Existing Home Sales At 3-Year Low: Homebuilder ETFs In Focus

In December 2018, existing home sales fell to a three-year low, while rise in housing prices slipped to the lowest level in more than six years. Per National Association of Realtors (NAR), contract signings declined 6.4% to a seasonally adjusted annual rate of 4.99 million units last month— the lowest since November 2015.

Sales for November were revised slightly up to 5.33 million units from the previously reported 5.32 million units. Existing home sales, which account for 90% of U.S. home sales, dropped 10.3% on a year-over-year basis.  For 2018 as a whole, existing home sales fell 3.1% from 2017 to 5.34 million units—weakest since 2015.

The median sales price rose 2.9% on an annual basis to $253,600. This was the lowest increase since February 2012. Slowdown in home-price growth is an indication that owners who are struggling to sell their homes are now trimming down prices. Meanwhile, the drop in price increase might infuse some momentum in the market for potential buyers who have been away from the sector owing to escalated prices and fears of a housing price bubble.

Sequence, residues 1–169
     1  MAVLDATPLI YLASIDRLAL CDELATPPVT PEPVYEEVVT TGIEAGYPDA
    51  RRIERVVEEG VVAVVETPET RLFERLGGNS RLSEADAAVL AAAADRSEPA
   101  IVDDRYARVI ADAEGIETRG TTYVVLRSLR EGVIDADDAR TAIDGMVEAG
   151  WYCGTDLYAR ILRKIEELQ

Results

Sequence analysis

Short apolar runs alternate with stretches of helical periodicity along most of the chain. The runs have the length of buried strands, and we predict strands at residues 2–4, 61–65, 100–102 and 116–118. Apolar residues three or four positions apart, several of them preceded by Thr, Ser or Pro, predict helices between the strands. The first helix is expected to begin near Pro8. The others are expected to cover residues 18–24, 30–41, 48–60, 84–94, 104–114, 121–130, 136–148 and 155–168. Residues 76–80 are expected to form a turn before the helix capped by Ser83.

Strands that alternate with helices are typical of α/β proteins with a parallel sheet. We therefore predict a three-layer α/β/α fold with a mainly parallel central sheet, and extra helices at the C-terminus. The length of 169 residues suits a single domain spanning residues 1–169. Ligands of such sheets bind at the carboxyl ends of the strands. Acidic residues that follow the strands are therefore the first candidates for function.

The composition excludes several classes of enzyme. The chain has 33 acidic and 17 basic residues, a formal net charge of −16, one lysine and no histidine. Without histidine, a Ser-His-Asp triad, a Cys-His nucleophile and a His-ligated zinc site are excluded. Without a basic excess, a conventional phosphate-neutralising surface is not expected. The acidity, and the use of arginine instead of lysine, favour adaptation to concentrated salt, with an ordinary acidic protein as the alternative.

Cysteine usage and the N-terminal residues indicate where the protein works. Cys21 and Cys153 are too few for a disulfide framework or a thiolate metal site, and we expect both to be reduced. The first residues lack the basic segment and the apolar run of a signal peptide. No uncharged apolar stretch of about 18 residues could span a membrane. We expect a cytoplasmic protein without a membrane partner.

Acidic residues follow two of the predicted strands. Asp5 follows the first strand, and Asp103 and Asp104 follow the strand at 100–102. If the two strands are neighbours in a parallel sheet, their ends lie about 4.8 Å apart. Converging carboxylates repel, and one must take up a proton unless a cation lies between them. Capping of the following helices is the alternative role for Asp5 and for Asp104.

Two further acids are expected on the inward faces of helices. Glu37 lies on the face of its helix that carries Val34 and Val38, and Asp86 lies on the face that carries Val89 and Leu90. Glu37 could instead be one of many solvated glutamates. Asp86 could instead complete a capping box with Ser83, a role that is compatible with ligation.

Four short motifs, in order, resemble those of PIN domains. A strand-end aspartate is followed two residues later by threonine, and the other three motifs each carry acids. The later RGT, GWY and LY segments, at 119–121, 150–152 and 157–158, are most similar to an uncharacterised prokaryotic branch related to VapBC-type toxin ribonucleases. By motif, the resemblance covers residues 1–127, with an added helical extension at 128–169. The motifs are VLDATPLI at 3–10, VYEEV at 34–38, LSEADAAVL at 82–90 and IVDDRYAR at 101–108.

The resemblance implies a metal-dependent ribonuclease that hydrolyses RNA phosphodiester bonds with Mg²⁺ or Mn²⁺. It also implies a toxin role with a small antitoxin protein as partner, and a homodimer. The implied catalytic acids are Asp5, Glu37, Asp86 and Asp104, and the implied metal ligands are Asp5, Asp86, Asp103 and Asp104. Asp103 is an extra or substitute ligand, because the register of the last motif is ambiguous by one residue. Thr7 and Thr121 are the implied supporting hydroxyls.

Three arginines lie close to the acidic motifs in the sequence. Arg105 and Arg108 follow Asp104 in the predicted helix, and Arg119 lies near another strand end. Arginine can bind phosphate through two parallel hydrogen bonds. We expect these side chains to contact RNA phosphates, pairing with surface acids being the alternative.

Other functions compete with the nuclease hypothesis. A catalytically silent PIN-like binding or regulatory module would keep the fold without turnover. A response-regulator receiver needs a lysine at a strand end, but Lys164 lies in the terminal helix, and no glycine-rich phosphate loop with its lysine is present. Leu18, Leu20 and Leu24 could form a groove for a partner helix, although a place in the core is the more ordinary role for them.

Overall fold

From the perspective of inventory, it would take around 3.7 months to sell all homes in the market, down from the 3.9 months last November. Realtors see less than five months of supply as an indication of a tight housing market.

Other Unfavorable Signs

In December 2018, Fannie Mae’s home purchase sentiment index fell to its lowest level in two years. Four out of 10 Americans said that “it’s a bad time to buy a home,” the highest on record since June 2010.

Further, the longest U.S. government shutdown is affecting the housing market. The recent survey conducted by NARhas suggested that some government employees are pulling out of purchase offers, while some are being denied loans due to the absence of wages. Also, some non-government employees are having second thoughts regarding purchases, given the overall concerns and uncertainty in the economy.

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